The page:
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The Ending Of Netflix's Bridgerton Season 1 Explained

Bridgerton crammed enough scandal, intrigue, and salacious gossip into season 1 to overflow a corset, so you could be forgiven for feeling overwhelmed by the end. Especially since the finale spun as many new storylines as it tied up. (That's just one reason you couldn't let it become one of the best Netflix originals you missed in 2020.)

Set in 1813, Bridgerton's plot centers on Britain's high society (aka "the ton") who have gathered in London for the social season. At the center are the Bridgertons and their aspirational neighbors the Featheringtons.

Struggling to find a husband despite an endorsement from Queen Charlotte (Golda Rosheuvel), oldest Bridgerton daughter Daphne (Phoebe Dynevor) makes a deal with her oldest brother Anthony's (Jonathan Bailey) friend Simon, the newly inherited Duke of Hastings (Regé-Jean Page). They'll pretend to be courting, which will raise her value in the merciless marriage market and keep the ton's social-climbing mothers off his back. Meanwhile, Anthony — a Viscount — is lusting after opera singer Siena (Sabrina Bartlett) instead of looking for a wife suitable for his high-ranking position.

Across the street, the Featheringtons are trying to find husbands for three daughters and a cousin — and keep a scandalous secret. Youngest daughter Penelope (Nicola Coughlan) has found someone she'd like to marry — third-oldest Bridgerton son Colin (Luke Newton) — but he's part of her mother's plan to escape social ruin.

Reporting on it all is a gossip pamphlet written by the mysterious Lady Whistledown, who knows everything about everyone, but whose identity not even Eloise Bridgerton (Claudia Jessie) — one of the two smartest girls in the ton, alongside Penelope — can sleuth out.

Everything is even more tangled by the finale. Here's where everyone stood at the end of Bridgerton season one, and plot points that could be explored in season two.

Daphne and Simon have a happy ending, but Anthony doesn't

Daphne and Simon's deal turns into real romance, but that's just the start of their intense up-and-down relationship. A scandalous make-out session in the gardens at the Trowbridge ball forces them to marry, lest Daphne's reputation be destroyed. But the would-be happy couple is tense, each believing they have forced the other into the union.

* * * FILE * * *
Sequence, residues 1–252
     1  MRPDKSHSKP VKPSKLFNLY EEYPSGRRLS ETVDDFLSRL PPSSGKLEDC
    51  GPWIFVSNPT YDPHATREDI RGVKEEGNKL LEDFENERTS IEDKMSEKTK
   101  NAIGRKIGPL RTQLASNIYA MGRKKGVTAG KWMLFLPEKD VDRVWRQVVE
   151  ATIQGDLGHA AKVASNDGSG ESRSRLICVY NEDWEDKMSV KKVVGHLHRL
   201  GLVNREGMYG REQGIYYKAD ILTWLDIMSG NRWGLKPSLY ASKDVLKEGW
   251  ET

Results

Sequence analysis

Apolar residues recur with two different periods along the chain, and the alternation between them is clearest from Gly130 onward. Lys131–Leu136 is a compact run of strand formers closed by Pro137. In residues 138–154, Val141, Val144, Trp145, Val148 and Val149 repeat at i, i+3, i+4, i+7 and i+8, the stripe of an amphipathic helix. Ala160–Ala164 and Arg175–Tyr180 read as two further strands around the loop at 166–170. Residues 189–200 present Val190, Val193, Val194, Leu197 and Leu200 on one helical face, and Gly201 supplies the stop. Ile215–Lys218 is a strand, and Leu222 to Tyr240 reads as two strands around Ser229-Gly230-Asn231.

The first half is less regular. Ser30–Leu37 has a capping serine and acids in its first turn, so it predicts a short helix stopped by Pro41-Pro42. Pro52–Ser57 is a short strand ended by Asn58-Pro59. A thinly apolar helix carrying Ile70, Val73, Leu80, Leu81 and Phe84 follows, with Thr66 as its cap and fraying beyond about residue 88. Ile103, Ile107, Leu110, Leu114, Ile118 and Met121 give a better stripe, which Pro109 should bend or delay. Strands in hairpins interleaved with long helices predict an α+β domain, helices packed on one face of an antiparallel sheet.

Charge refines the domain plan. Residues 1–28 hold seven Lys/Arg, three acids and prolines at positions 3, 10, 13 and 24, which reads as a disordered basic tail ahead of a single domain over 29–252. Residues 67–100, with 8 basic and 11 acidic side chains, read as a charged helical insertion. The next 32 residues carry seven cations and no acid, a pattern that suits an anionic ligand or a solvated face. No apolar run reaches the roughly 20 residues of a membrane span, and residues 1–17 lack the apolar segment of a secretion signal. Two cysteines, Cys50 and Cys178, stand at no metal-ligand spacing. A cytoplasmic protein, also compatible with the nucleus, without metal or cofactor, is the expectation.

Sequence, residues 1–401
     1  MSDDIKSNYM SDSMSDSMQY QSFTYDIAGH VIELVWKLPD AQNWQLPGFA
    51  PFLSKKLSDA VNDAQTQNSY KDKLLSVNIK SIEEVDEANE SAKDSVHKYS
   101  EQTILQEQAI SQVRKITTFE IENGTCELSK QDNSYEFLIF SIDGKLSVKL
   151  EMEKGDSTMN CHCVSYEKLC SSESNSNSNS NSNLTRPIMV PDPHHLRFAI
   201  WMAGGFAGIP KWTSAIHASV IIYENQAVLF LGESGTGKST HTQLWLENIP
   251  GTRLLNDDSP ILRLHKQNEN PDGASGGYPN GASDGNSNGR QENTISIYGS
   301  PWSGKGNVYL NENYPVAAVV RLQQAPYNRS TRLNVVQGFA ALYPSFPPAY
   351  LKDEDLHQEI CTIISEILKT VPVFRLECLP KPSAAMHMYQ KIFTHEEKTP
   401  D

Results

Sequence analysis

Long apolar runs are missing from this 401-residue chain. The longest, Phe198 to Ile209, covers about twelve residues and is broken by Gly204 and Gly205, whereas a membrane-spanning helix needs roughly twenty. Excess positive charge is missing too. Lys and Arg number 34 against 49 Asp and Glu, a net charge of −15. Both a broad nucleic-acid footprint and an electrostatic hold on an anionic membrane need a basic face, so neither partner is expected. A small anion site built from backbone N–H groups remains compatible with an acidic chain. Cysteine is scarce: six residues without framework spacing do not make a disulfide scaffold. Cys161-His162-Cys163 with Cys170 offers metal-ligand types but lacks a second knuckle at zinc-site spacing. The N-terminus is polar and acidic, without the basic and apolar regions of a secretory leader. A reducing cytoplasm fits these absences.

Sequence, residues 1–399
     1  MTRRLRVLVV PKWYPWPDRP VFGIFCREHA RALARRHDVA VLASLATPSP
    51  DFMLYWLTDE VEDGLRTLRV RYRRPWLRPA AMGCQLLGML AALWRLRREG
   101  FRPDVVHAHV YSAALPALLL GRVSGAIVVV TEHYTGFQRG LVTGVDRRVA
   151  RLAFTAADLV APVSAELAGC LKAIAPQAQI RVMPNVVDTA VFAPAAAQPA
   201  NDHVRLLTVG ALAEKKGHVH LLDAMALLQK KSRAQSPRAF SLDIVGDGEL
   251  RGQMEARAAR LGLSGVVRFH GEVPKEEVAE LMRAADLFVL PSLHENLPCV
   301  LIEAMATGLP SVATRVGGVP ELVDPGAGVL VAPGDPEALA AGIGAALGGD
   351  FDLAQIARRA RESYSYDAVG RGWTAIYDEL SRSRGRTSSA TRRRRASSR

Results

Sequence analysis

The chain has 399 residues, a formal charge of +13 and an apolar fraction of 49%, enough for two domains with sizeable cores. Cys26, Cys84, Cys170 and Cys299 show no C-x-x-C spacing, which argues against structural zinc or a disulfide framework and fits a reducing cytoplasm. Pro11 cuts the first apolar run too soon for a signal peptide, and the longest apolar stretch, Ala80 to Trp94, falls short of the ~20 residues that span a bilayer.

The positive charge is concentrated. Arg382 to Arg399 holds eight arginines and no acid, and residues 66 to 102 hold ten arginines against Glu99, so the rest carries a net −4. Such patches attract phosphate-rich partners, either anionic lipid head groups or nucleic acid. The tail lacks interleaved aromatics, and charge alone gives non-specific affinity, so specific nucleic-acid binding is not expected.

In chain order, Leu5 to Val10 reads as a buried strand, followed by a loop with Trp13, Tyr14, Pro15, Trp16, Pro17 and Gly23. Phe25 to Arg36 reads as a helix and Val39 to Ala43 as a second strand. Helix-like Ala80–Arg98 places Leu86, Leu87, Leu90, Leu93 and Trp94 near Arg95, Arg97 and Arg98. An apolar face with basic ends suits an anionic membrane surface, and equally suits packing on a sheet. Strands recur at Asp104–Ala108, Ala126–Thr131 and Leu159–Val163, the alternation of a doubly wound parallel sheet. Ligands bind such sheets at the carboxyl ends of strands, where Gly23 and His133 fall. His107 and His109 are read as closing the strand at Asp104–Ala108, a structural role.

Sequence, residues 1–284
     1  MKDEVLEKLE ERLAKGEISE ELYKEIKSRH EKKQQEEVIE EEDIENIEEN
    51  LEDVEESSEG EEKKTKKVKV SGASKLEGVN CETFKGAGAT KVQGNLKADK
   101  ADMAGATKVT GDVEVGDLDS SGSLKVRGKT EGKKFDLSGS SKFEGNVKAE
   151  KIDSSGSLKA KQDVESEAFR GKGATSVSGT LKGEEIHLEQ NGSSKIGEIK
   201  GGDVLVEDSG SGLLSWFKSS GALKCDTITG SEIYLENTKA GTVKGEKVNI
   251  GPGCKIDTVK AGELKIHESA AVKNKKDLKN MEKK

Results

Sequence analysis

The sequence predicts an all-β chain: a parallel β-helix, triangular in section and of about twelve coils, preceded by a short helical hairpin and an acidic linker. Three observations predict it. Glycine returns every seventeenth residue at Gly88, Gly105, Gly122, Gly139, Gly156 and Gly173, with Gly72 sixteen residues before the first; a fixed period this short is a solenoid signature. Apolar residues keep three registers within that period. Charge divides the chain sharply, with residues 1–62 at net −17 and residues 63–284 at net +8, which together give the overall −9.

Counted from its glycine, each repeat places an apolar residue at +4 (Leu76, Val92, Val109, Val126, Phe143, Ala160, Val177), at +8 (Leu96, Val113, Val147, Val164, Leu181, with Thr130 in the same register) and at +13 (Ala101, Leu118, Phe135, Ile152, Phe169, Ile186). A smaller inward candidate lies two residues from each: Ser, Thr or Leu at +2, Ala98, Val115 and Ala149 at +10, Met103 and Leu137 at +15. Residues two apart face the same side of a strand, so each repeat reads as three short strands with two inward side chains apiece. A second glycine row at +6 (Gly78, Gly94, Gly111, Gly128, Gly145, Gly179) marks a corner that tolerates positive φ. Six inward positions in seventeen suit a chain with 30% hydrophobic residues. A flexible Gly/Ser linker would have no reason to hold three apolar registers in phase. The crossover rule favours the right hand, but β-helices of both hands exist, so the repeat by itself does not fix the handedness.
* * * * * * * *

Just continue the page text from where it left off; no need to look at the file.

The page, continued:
On their wedding night, Simon tells Daphne that he feels guilty for marrying her when he can't have children, knowing she wants a large family. She says she can accept this and have an extremely horny honeymoon. But then Daphne gets some long-awaited sex education and learns that Simon's inability is not physical but based on a vow he made to his hated father, in which he swore the Hastings line would die with him.

The final episode finds the happy-unhappy-happy-unhappy couple reconciling. Daphne reads Simon's childhood letters to his father and realizes why he feels so bitter toward him. After spending approximately two minutes with Daphne's younger siblings, Simon miraculously changes his mind about having children. At the end of the finale, we see Daphne give birth to a son, with an apparently thrilled Simon at her side.

Simon has a similarly fluctuating relationship with Anthony, who is less lucky in love. He vows to make his relationship with Siena public, only to find her with another man. She tells him that life in the ton is not for her, and that he should find a wife who will be happy to share him with his Viscount responsibilities. Anthony decides to marry respectably, but gives up on love. (Netflix period drama fans may remember the ending of The Crown season 4 goes a similar way.)

The Featheringtons' fortunes come crashing down

Life is not going so well for the Featheringtons, either. After patriarch Archibald (Ben Miller) gambled and lost the family's fortune, he manages to make it back by convincing boxer Will Mondrich (Martins Imhangbe) to throw a fight, betting big on his opponent. However, while spending some of his winnings at a house of ill repute, Archibald is murdered by the men he placed the bet with, who steal back the money.

Earlier in the finale, Featherington cousin Marina Thompson (Ruby Barker) gets similar bad news when she learns that the father of her unborn child, Sir George Crane, has died in battle. The messenger is George's younger brother Phillip (Chris Fulton), who assures Marina that George did love her and planned to marry her — and then offers himself as a replacement. Marina initially refuses, pointing out — correctly — that she doesn't even know Phillip. However, after Baroness Featherington (Polly Walker) explains how she willed herself into loving her late husband, Marina grudgingly accepts Phillip's proposal and leaves with him.

Marina had previously gotten speedily engaged to Colin Bridgerton — Penelope's crush — who broke off the engagement when he learned that she only wanted to marry him to give the pregnancy a veil of legitimacy. Much to Penelope's disappointment, Colin tells her that he's taking his heartbreak on the road, specifically the road to Greece and then the rest of continental Europe.

So it's bad news on the whole for the Featheringtons. But at least we finally learn who Lady Whistledown really is, and we're already excited for Netflix's Bridgerton season two.